The X6-1 PureWave xMATRIX transducer features xPlane, which allows imaging in two planes without moving the transducer. The clinician therefore no longer has to rotate the transducer to see the second plane, or risk losing a tiny object during manual rotation. He gets twice as much clinical data in the same amount of time, allowing him to make the diagnosis faster, with increased confidence.
Last, new X6-1 PureWave xMATRIX transducer provides high resolution for both 2D and 3D imaging. As a result, there is no need to change transducers to acquire volume images, so there is no disruption to the examination. In fact, workflow is improved. And now, for first time ever, ultrasound volume data from any volume transducer is available on any PACS (DICOM multiframe object standard presently required for all cineloop information). Once the volume data is acquired, the iU22 will capture the X, Y, and Z MPR cineloops at the push of a button, and send them to the PACS. Simon Elliott, Consultant Radiologist and Clinical lead in ultrasound at Freeman Hospital, Newcastle upon Tyne, England, whose work is in abdominal, Doppler and small parts ultrasound, has worked with the xMATRIX ultrasound transducer for a couple of years. ‘I’m particularly interested in evaluating how this new technology could change our approach to diagnostic ultrasound,’ he explained, adding that radiologists are keen on CT and MR, but many patients are not so keen. A combination of the safety, speed, low cost and real-time imaging of ultrasound, and the benefits of CT/MR, that situation could be eased. ‘The xMATRIX transducer allows me to do this, by imaging conventionally in high resolution, or by acquiring 3D volumes at the touch of a button, plus other unique capabilities,’ Dr Elliott says.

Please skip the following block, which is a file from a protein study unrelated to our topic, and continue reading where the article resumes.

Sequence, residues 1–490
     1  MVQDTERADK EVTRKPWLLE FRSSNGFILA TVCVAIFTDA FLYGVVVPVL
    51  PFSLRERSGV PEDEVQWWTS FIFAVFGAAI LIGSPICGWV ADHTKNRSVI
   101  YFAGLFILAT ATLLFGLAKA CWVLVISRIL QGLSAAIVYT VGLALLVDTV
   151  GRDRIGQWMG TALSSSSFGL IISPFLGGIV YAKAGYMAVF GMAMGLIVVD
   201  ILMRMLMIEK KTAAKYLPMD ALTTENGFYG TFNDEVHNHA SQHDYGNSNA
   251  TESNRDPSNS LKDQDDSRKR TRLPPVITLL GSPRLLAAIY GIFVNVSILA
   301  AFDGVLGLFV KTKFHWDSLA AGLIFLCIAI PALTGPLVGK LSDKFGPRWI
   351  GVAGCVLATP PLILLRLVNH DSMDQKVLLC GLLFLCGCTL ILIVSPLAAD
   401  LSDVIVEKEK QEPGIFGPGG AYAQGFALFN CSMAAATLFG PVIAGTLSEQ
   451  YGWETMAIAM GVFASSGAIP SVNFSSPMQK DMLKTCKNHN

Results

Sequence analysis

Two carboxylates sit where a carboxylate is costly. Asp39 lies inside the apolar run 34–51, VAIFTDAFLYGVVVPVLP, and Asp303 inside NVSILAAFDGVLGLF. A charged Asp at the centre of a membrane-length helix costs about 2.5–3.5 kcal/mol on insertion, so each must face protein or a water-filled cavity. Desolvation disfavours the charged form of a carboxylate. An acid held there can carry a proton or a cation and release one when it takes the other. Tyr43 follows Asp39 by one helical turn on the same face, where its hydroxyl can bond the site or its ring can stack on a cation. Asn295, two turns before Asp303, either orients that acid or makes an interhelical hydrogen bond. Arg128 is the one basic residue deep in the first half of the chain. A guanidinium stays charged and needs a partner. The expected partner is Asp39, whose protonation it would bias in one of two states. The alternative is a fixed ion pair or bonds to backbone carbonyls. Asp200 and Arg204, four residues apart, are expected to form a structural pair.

‘The technology behind this development is astonishing. Instead of a single row of around 128 elements in a conventional transducer, the X6-1 xMATRIX transducer has over 9,000 elements arranged in a true matrix. Uniquely,’ Dr Elliott explains, ‘this allows for dynamic focusing in the elevation plane, as well as the standard azimuth plane, giving a very fine beam profile. Being electronic, the operator can select single or multiple planes or volumes while scanning in real-time. With so much processing involved, most of the beam-forming takes place in the transducer itself in a complex collection of integrated circuits containing more than eight million transistors.’ xPlane is particularly useful to obtain rapid coverage of the target organ or pathology with minimal physical effort, such as the gallbladder, kidney or urinary bladder, Drvolume estimations using this technique. But by utilising the full volume capability of the xMATRIX, we can begin to see how we approach the CT/MR model of working – and much faster.’
The X6-1 xMATRIX transducer can acquire the 3D shape of a full 90 by 90 degree volume, typically in under a second. ‘This means that you often don’t even have to ask the patient to stop breathing, which is particularly useful in the seriously ill patient, the elderly or in paediatrics. And, of course, this can all be acquired at the bedside.’ Among the examples Dr Elliott can present for the volume acquisition ultrasound Elliott adds: ‘We can perform rapid threediameter use, which include a simple renal cyst as well as a complex group of pancreatic pseudocysts, he describes an image of a portal vein in a liver transplant patient. Although it looks like a conventional 2D image, this is a selected plane from a half-second volume scan through the porta hepatis. The radiologist explains that he can go into that volume, locate the vessel and rotate the plane, capture the image and measurements wanted – all after the scan, just like CT/MR.’
For Dr Elliott, the xMATRIX X6-1 transducer has enabled him to perform many of the tasks normally associated with CT and MR imaging, ‘but much more conveniently for both me and the patient. It offers me speed, accuracy and flexibility in the way I use ultrasound in daily practice.’
“Advances in Ultrasound Using iU22 xMatrix Technology”, Philips Lunch Symposium,
Sunday, August 28, 12:15 – 13:15, Hall G